Raw and Fearsome opens Saturday, May 1 at MINT Gallery in Old Fourth Ward, and if the show’s description is any indication, we better all pop our meds carefully before entering; the menu consists of heavy helpings of dissecting communications, breaking down masks, and confronting fears. That shit sounds spicy. I hope they’re giving out hugs and Valium for dessert.

The exhibition's title carries “big, loud, deadly, uncooked, rough and powerful” implications, according the Ms. Bassett, who also guarantees that “fear is an essential part of the equation.”

Bassett took a hurried break from the pre-opening hustle to give Creative Loafing a preview of what to expect tomorrow night, both artistically and cerebrally. What’s intriguing about the work itself (which she wouldn’t let me see much of. I get it, but I don’t like it. I’m impatient, dammit.) is that none of it was created with the express purpose of fitting the Raw and Fearsome theme. It went the other way – Bassett looked at her work over the last few years and found certain recurring ideas. In some way, the exhibition built itself.

Oh, and to punch up the super-cerebral nature of this show, chew on this: Since joining up with the Plastic Aztecs last year, Erin and the group have “founded SuperFuturism, a movement dedicated to living in the present through the mind of the super future. Erin hopes to develop super-time consciousness powers and to proliferate the de-conception of time through exercises in simultaneous time-thought perspectives.”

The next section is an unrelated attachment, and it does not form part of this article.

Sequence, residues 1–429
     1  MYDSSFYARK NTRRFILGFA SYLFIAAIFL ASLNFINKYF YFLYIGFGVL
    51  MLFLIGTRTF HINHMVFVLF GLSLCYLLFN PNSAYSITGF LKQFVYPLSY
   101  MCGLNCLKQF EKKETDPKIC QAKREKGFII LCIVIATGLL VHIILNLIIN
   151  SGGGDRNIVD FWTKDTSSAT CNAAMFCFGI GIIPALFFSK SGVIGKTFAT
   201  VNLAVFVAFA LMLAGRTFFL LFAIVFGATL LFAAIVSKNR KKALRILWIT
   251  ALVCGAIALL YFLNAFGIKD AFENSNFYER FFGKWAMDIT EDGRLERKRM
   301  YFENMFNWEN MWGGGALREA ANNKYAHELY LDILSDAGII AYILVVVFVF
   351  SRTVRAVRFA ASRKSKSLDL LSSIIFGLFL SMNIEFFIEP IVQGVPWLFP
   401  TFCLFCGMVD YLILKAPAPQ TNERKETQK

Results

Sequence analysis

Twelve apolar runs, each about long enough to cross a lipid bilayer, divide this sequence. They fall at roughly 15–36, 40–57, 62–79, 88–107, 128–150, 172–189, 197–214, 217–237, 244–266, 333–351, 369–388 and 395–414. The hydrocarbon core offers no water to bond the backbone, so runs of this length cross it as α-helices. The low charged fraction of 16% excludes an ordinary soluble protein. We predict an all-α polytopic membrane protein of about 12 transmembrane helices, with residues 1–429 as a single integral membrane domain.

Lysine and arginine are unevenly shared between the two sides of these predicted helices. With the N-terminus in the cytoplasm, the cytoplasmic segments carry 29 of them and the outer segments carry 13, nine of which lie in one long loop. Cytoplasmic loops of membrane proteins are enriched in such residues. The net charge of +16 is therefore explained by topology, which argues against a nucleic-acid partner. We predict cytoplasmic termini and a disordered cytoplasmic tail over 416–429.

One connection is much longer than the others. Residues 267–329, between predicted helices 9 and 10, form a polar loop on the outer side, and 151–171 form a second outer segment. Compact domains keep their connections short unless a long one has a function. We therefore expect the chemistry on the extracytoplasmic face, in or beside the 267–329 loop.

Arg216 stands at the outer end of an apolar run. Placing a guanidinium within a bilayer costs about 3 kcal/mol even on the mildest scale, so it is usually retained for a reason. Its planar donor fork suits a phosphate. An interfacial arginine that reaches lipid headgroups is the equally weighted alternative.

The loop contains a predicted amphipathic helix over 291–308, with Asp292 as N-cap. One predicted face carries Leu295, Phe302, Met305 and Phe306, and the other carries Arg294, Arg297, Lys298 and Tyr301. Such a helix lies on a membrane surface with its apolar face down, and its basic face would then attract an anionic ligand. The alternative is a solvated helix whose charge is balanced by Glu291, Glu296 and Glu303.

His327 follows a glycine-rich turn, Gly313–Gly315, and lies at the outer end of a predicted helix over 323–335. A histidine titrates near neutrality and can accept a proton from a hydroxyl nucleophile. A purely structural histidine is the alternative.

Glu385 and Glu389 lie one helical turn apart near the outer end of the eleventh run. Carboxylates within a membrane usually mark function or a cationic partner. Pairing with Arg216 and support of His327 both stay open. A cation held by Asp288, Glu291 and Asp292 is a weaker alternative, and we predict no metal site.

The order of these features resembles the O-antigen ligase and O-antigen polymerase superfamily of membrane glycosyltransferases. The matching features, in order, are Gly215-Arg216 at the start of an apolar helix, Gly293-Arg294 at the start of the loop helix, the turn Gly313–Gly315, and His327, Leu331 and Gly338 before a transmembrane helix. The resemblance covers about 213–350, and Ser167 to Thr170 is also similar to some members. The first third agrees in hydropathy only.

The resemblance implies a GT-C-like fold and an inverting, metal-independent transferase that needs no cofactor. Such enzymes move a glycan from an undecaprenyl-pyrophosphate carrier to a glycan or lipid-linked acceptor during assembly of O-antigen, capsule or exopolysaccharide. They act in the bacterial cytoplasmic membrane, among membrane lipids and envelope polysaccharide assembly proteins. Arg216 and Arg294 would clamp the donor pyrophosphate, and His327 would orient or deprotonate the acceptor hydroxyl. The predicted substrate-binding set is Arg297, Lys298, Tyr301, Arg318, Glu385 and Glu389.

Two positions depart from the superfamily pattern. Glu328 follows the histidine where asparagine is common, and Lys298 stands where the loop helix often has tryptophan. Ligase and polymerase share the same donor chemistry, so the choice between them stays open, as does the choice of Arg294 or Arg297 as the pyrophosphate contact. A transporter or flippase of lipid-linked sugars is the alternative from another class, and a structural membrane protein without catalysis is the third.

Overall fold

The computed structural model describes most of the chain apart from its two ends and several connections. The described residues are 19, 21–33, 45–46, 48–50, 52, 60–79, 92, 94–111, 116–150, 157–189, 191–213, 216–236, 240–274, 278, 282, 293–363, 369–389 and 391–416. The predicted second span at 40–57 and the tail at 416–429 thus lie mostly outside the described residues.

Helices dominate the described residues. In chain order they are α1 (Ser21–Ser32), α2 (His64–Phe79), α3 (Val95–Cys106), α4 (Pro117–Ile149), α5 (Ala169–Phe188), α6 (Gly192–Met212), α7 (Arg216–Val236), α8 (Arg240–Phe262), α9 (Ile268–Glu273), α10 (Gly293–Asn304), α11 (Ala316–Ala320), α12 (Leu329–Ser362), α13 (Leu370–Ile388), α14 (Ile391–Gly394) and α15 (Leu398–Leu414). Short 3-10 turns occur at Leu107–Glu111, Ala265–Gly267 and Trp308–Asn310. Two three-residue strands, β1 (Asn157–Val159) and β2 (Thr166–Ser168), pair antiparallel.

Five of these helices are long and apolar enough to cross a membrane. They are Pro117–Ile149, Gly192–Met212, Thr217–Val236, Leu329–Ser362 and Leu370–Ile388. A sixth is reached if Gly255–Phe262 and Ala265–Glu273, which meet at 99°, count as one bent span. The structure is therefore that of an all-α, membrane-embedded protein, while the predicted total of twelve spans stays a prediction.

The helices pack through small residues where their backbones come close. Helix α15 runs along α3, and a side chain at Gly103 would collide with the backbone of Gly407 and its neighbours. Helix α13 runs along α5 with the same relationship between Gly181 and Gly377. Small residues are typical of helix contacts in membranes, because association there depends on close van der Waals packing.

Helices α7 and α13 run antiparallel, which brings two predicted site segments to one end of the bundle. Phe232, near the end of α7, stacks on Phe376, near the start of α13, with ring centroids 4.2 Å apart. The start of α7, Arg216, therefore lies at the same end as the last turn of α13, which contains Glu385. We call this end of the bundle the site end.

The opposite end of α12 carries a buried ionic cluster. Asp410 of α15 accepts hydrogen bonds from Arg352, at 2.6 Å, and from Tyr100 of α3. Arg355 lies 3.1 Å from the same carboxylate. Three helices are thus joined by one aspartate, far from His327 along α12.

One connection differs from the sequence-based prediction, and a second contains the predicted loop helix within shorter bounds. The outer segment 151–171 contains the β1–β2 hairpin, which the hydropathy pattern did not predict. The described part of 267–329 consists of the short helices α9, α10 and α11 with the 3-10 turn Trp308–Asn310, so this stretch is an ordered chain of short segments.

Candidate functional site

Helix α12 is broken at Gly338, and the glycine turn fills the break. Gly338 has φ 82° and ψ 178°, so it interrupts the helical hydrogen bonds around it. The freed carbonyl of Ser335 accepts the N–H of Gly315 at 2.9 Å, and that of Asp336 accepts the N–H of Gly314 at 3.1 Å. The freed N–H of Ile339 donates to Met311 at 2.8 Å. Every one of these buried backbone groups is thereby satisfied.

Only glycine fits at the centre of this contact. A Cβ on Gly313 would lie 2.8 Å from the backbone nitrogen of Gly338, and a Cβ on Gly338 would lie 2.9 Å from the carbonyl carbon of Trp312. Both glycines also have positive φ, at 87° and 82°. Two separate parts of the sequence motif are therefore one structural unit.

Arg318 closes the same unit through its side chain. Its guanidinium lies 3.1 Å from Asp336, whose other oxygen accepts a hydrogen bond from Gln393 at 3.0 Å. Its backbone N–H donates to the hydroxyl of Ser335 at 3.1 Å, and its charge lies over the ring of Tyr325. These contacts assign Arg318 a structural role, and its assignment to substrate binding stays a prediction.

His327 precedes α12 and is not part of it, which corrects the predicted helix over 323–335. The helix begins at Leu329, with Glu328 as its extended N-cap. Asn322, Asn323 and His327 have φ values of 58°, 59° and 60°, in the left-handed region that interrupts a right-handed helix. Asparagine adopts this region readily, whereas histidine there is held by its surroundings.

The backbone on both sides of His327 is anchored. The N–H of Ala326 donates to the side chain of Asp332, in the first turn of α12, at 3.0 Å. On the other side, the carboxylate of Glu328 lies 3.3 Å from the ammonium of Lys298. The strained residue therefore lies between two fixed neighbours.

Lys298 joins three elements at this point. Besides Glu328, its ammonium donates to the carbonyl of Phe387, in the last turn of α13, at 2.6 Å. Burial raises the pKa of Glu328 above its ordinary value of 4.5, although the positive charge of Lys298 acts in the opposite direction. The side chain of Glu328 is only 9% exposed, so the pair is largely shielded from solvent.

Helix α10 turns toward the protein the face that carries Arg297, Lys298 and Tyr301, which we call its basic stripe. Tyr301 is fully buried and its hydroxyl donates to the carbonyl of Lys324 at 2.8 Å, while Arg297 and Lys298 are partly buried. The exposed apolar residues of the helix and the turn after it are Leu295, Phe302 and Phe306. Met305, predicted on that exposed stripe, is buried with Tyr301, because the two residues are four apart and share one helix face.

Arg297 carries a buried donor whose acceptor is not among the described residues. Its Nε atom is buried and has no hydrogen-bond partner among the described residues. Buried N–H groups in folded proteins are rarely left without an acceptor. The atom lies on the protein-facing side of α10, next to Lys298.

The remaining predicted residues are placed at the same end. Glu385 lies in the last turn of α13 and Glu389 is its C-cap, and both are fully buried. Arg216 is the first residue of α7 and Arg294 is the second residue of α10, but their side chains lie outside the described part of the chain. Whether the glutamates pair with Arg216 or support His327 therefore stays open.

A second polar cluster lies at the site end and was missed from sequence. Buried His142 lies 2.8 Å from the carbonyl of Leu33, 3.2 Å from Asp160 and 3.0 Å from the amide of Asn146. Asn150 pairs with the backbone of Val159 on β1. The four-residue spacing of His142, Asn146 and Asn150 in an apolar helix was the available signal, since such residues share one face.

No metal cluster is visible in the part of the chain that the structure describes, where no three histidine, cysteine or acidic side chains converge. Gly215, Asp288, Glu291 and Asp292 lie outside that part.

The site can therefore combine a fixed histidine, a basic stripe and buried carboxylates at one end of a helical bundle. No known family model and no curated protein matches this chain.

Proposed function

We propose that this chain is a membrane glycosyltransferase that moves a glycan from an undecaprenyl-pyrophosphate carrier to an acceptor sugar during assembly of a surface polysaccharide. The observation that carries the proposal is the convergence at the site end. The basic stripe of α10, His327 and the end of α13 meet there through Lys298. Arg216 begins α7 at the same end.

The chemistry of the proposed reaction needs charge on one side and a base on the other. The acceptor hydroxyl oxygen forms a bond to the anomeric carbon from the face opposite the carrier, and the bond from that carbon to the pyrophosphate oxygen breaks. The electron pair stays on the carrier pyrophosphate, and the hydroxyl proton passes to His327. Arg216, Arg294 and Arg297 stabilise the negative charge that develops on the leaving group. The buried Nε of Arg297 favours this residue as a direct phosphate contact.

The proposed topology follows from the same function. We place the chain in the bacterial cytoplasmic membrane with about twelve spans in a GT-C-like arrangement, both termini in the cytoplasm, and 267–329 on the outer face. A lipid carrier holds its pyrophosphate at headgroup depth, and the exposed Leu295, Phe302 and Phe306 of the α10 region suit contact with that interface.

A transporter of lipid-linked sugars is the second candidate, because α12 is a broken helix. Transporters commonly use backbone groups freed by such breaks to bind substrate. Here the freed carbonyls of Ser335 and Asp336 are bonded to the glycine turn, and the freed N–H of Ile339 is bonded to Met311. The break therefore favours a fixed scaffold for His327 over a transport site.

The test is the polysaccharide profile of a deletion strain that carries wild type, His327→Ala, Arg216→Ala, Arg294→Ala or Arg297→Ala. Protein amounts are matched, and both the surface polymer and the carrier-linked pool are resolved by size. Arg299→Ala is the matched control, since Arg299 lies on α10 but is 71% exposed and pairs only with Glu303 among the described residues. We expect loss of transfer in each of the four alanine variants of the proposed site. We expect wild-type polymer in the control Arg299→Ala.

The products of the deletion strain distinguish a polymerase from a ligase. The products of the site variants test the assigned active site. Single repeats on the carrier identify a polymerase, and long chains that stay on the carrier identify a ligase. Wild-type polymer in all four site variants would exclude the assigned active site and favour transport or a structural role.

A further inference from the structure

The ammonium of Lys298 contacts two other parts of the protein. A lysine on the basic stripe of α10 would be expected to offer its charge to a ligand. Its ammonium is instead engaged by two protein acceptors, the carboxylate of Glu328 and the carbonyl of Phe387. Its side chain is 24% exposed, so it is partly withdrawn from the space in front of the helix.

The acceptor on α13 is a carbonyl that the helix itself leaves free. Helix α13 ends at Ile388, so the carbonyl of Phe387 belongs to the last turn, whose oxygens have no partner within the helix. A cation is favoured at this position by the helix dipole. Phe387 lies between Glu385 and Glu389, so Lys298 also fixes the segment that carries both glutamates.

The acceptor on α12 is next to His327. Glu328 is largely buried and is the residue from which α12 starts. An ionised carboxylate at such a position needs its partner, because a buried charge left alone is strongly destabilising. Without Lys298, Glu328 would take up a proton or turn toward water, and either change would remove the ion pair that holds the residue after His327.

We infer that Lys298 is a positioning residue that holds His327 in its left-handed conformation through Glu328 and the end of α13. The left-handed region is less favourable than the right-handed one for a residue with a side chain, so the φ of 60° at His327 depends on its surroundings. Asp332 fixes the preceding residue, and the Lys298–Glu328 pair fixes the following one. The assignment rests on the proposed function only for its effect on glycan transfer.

Yeah. Try putting all of that in your brain-blender and making a sense-shake out of it. Anyway, I’m getting the feeling that the whole point of these girls’ work is the fluidity, malleability and even confusion. So let’s just roll with it.

“Raw and Fearsome opens Saturday, May 1. 7 p.m. – 11 p.m. MINT Gallery. 684 John Wesley Dobbs Ave, Unit B.


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Hollywood Product: A Nightmare on Elm Street

Posted By on Fri, Apr 30, 2010 at 8:44 PM

Freddy Kruger (Jackie Earle Haley) takes his grudge seriously in the remake of A Nightmare on Elm Street in theaters April 30.
  • Freddy Kruger (Jackie Earle Haley) takes his grudge seriously in the remake of A Nightmare on Elm Street in theaters April 30.

GENRE: Supernatural horror thriller.

THE PITCH: Here’s a contemporary A re-imagining of Wes Craven’s original horror flick. After the tragic death of a classmate, several kids in the sleepy town of Springwood, Ohio discover they’re collectively being haunted by a fashion-challenged, disfigured man wielding a leather glove fitted with razor-sharp knives named “Freddy” Kruger (Jackie Earle Haley).  As they desperately try to avoid a nightmarish demise from Kruger, more clues about their past and the connection to their dream time menace are slowly revealed. Realizing there’s no way to stop him in any conventional sense, the remaining teens, Nancy (Rooney Mara) and Quentin (Kyle Gallner) make one last ditch effort to stop him.